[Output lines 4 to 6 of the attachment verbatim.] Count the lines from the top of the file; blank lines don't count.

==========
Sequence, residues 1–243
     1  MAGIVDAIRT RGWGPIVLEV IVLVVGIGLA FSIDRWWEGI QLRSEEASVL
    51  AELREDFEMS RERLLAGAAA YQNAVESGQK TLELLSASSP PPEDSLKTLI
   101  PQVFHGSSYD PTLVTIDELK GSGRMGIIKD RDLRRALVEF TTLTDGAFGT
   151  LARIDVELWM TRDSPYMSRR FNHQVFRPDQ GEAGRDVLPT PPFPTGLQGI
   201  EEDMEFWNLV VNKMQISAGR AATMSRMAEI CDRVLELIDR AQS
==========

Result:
   101  PQVFHGSSYD PTLVTIDELK GSGRMGIIKD RDLRRALVEF TTLTDGAFGT
   151  LARIDVELWM TRDSPYMSRR FNHQVFRPDQ GEAGRDVLPT PPFPTGLQGI
   201  EEDMEFWNLV VNKMQISAGR AATMSRMAEI CDRVLELIDR AQS